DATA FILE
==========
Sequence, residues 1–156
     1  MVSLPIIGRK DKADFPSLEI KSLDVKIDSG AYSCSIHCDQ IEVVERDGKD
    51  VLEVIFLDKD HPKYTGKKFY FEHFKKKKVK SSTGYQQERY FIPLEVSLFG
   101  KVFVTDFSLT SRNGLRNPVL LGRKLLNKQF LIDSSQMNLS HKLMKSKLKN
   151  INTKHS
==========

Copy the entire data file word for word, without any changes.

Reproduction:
Sequence, residues 1–156
     1  MVSLPIIGRK DKADFPSLEI KSLDVKIDSG AYSCSIHCDQ IEVVERDGKD
    51  VLEVIFLDKD HPKYTGKKFY FEHFKKKKVK SSTGYQQERY FIPLEVSLFG
   101  KVFVTDFSLT SRNGLRNPVL LGRKLLNKQF LIDSSQMNLS HKLMKSKLKN
   151  INTKHS